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Wind In Your Hair: 1970 Mustang Convertible

Skibaron sends us this tip on a 1970 Mustang convertible, found here on ebay and available for the next 25 days in a buy-it-now situation with a price tag of $24,500. There is also the opportunity to make an offer, which the savvy sleuth might well do. If you hit a number that the seller finds appealing, you’ll go to McDonough, GA to collect your new sunny-day cruiser.

You’ll know it’s the right car when you see the brilliant blue paint over the sparkling blue interior. The factory wheels will also tip you off that this ain’t no Mopar, since they say, “Ford Motor Company.” Can anyone think of other such identification in script on a set of wheels? Please put your examples in the chat, and I hope they aren’t too obvious. Anyway, the lettering breaks up the monotony of these flat disks—somewhat. As for the place in Mustang lore, the 1969-70 “Mary Tyler Moore” Mustangs were the third iteration of the first generation, if you factor that from 1965-73 as-titled years. As such, they still had some of the early cues, like the three-panel tailights and the Mustang horse with tri-bar, now placed in the grille area. The interior has handsome high-backed bucket seats, but they little resemble those that began the first generation of pony cars. In short, if you buy this car, you have to be into it for its own sake, rather than loving it as a successor to the original, which came out on April 17th of 1964.

So if this is the car for you, what will suck up further of your money? The convertible top looks a bit distressed and was last replaced a couple of decades ago, but so what if you’re showing it? Leave the top down and don’t worry about a few wrinkles. The engine, apparently the original 302-cid V8 with 88K miles showing, has been rebuilt. One assumes that means that it runs reliably, and the seller does invite you to fly  in and drive home, but I’d wonder a bit about the hop-up factor in that work. Does it matter to you how a car with flat-top pistons and a Summit cam sounds? I’m personally not a fan of 1990s builds, which this sounds like it might be a party to, but I’m not going to judge. I would want to hear the car run before I plunked down this kind of cash, however.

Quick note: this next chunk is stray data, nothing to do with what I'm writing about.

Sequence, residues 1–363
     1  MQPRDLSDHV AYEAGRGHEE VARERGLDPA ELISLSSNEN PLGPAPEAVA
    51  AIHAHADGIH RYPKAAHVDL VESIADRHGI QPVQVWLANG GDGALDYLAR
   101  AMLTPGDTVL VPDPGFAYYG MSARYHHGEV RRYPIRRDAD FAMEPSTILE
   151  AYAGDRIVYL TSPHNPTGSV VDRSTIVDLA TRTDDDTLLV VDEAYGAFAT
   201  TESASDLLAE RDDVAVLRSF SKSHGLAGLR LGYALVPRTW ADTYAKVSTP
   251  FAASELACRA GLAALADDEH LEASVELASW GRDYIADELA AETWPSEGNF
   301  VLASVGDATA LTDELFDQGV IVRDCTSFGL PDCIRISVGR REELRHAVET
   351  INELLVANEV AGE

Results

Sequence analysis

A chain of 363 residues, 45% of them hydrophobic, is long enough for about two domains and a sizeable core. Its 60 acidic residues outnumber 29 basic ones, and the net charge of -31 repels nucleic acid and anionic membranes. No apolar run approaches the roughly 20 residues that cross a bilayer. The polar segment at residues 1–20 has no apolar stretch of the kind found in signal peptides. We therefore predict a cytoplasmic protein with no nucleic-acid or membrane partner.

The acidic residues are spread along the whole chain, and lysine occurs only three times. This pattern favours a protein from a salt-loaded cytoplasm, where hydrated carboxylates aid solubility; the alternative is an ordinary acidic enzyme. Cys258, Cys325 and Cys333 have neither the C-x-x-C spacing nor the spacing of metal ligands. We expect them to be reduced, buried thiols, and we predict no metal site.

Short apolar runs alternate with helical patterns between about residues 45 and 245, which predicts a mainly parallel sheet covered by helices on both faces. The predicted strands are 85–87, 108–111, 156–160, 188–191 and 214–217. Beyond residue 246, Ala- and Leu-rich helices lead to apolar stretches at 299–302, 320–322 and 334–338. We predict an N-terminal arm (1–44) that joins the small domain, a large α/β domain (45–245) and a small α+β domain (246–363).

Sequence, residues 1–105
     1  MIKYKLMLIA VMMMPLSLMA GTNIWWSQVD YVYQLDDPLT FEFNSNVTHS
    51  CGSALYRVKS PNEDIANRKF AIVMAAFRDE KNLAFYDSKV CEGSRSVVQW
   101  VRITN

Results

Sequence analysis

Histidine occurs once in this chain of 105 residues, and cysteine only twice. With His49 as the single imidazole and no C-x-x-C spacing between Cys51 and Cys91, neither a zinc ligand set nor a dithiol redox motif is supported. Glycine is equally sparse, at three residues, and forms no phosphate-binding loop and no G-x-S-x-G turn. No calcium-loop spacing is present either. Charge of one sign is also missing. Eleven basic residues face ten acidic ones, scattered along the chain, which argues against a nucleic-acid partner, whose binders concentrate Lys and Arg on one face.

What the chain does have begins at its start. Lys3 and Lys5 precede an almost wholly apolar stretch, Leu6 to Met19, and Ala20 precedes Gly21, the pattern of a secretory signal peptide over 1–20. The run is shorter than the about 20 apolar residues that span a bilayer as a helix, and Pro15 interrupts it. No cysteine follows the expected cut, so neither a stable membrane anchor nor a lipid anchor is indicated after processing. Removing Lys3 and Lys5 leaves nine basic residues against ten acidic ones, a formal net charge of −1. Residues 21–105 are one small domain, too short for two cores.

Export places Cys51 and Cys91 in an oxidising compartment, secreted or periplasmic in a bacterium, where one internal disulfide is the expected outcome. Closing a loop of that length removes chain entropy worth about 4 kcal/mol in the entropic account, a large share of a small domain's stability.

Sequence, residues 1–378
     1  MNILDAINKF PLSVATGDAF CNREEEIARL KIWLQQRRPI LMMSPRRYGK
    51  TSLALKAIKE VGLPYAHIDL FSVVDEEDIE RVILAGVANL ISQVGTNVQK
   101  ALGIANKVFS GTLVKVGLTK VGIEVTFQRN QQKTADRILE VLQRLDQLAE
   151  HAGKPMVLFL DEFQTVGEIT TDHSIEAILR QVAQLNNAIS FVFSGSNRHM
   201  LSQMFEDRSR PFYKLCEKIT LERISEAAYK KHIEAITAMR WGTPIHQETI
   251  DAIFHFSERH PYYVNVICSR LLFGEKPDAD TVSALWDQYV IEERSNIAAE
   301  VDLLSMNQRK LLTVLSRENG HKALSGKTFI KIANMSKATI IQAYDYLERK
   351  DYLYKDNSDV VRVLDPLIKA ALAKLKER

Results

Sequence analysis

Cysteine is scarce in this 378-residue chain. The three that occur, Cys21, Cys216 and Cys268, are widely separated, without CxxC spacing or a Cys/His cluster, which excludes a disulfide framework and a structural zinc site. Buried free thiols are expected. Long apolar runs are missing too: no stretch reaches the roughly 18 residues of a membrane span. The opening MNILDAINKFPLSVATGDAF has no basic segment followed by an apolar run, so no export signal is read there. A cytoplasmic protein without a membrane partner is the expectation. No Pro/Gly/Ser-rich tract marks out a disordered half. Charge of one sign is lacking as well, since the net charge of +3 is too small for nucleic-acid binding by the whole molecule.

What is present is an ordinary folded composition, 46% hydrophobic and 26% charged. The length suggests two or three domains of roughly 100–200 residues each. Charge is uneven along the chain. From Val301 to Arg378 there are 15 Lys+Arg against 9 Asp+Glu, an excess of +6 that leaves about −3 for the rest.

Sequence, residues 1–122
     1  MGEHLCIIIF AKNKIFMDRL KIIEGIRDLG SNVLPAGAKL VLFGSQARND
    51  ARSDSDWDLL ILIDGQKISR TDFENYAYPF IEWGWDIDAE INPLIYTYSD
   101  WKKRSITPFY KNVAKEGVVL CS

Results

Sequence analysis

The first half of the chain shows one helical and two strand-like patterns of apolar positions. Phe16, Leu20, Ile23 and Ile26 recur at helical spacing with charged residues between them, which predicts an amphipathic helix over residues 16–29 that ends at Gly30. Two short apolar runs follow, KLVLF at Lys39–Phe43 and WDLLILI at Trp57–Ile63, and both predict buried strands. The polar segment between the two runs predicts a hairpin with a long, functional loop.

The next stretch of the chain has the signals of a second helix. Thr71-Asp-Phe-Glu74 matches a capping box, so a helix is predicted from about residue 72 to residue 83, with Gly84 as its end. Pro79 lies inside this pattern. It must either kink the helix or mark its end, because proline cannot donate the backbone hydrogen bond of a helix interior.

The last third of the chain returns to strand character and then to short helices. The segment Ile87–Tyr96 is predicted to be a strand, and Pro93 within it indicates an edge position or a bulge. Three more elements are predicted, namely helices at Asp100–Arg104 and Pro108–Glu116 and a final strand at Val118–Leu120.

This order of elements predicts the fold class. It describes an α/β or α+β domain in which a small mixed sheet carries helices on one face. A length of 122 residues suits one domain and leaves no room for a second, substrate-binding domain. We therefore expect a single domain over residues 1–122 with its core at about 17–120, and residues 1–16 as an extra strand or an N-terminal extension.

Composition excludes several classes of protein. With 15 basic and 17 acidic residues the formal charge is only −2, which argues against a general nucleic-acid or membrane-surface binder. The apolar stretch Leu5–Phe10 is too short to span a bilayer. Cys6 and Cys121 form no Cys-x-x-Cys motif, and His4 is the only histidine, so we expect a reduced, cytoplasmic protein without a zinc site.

The body is said to be solid, though with a renewed driver’s floor pan, I’d insist on an inspection on a lift to see whether other work’s been done, other work is needed, or there are areas of neglect that spiderweb out from that floor issue. The seller says no, but convertibles are porous, and if water got into the driver’s footwell, where else has it found its way? Having said that, the interior of the trunk looks good, and original, and underneath shots seem to suggest positive results. So what would keep you from buying this car? Perhaps the price, but if this number suits you, this seems like a well turned out Mustang ready for new hands on its steering wheel and new feet pushing on its pedals.


  1. Claudio

    Scary and wavy are my first taughts !
    I know its topless and a good looker but NO!
    Mustangs were rust buckets and being a convertible makes it better at rusting !
    Someone will but it and leran and loose

    Like 0
    • Bick Banter

      You’ll want to check underneath very carefully, especially around the torque boxes. If you watch Uncle Tony’s Garage on YouTube, you will know these rust prolifically underneath. You do not want to be that rich, retired Tennessee old couple who gets ripped off on one of these!

      Like 3
  2. Howie

    With the top down all the photos are low, but with the top up they have higher photos. Not the best photos to sell a car.

    Like 3
  3. Mark

    Mostly original, the Marti Report mentions it was supposed to have a console. That short thing between the front seats is not a factory console which would have been full length and no cup holders. That is an aftermarket console.

    Like 3
  4. Mark

    And yes on the hub caps. 68-69 Dodge Charger hubcaps say Dodge Division on them. And there were some AMC hubcaps that said American Motors Corporation in script on them. Even the popular Chevy rally wheel centers say Chevrolet Motor Division.

    Like 3
  5. Beauwayne5000

    Georgia car means no salt on the roads – which saved it & far enough inland no Airborne sea salt.
    It’s nice enough-intake & engine update is mild enough to be ok.
    I’d swap it out for Sniper EFI & dial in economy.
    It’s a cruiser for summer drive ins hamburger stands & Theaters.
    Theft magnet tho – easiest anti theft device is to simply yank central distributor plug – size of key fob pops back on in seconds for when you park it at any grocery store mall etc.
    Notoriously easy to steal & brings top dollar to eager shady buyers.
    Avoid MANY states or it’ll be in next yrs home coming parade driven by local sheriff deputies who “acquired” it.
    Not super special it’s nice enough.

    Like 1
  6. Jamie

    I have no idea what these have been bringing, but I think the price might be on the high side. Speaking as an old man who experienced a lot of muscle cars and pony cars back in the day, these cars weren’t that great when new, and are probably a lot worse 50 years later. I certainly wouldn’t want to be $24k into a plain Jane Mustang like this. And no, that console is not stock. Judging from the wear on the carpet, I’d guess that this car didn’t come with a console when new.

    Like 4
    • Mark

      If you click on the ebay link and check the photos, the Marti Report says it did have a factory console. I’d say the past 50 years that the carpet has been replaced at least once

      Like 2

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